Chabner said another weakness of the P-4 trial was that letrozole, the aromatase inhibitor being compared with raloxifene, will no longer be protected by its patent in 2011, meaning its manufacturer will have no incentive to seek FDA approval if it is shown to be effective.
Dr. Harold J. Burstein, a breast cancer specialist at the Dana-Farber Cancer Institute, said oncologists will have to infer from other studies in other countries how the different kinds of chemoprevention drugs compare. Dana-Farber would likely have been one of the many sites for the P-4 trial, he said.
"There's no doubt we need more studies in breast cancer prevention and the study being proposed was a very practical strategy to compare two likely effective strategies," he said. "There will be a void when a patient comes to see a doctor eight years from now and says, 'Which one should I take?'"
Posted by Elizabeth Cooney at 10:27 AM
June 21, 2007
Dan Nevins (left) and Sean Lewis, each
of whom lost a limb while serving in Iraq, hit
practice shots at Nashawtuc Country Club in
Concord. (Barry Chin/Globe Staff)
Soldiers and Marines were part of a golf clinic, held during the annual Bank of America Championship, that promoted the sport as a rehabilitative tool for wounded veterans. It was a partnership between the Wounded Warrior Project and Disabled Sports USA and was sponsored by the bank.
The squabble between Tufts-New England Medical Center and Lifespan Corp., the Rhode Island hospital group that owned Tufts-New England from 1997 to 2002, over who owes what to whom in the wake of their failed merger has spilled into court.
Vetoing a stem cell bill for the second time, President Bush yesterday sought to placate those who disagree with him by signing an executive order urging scientists toward what he termed "ethically responsible" research in the field.
State officials yesterday ordered Dr. Joseph Z. Zolot, 56, of Needham to stop practicing medicine, charging that he provided poor care to at least 30 patients, including improperly prescribing strong painkillers to some who later died of overdoses.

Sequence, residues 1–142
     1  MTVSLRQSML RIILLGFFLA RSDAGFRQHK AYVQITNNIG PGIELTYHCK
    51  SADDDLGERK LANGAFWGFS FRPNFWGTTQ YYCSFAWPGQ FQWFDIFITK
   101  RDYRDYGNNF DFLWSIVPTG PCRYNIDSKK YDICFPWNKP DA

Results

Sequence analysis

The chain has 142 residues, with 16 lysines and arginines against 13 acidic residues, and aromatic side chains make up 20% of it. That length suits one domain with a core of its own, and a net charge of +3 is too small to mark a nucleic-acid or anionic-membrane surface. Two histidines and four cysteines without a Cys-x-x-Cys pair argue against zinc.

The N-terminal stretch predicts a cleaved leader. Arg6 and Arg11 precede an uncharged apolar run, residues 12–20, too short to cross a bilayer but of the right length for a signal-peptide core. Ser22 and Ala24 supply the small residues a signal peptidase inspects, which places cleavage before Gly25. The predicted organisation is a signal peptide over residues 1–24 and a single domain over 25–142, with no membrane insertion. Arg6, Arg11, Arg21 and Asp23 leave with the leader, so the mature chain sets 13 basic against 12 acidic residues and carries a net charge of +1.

Posted by Elizabeth Cooney at 06:29 AM
June 20, 2007
By Felicia Mello, Globe Correspondent
Relentless undertows, stinging jellyfish -- the beach can be a dangerous place. Now a Harvard medical resident wants sunbathers to pay attention to yet another threat: collapsing sand holes that he says have killed dozens of young people in the past two decades, several of them in New England.
While some might see them as freak accidents, Dr. Bradley Maron has spent years studying the phenomena, after twice seeing children almost suffocate to death on a Martha's Vineyard beach. In a letter in this week's New England Journal of Medicine, he warns that a pastime as innocent as building a sandcastle could lead to a family tragedy.
Maron was a 23-year-old lab technician with dreams of a medical career when he came across a scene of "total chaos" during an afternoon walk on Edgartown's South Beach in 1998, he said in an interview. Kids at a birthday party had dug a seven-foot-deep cavity in the sand and were trying to jump over it when one fell in. The walls of the hole caved, obliterating any sign of the 8-year-old girl.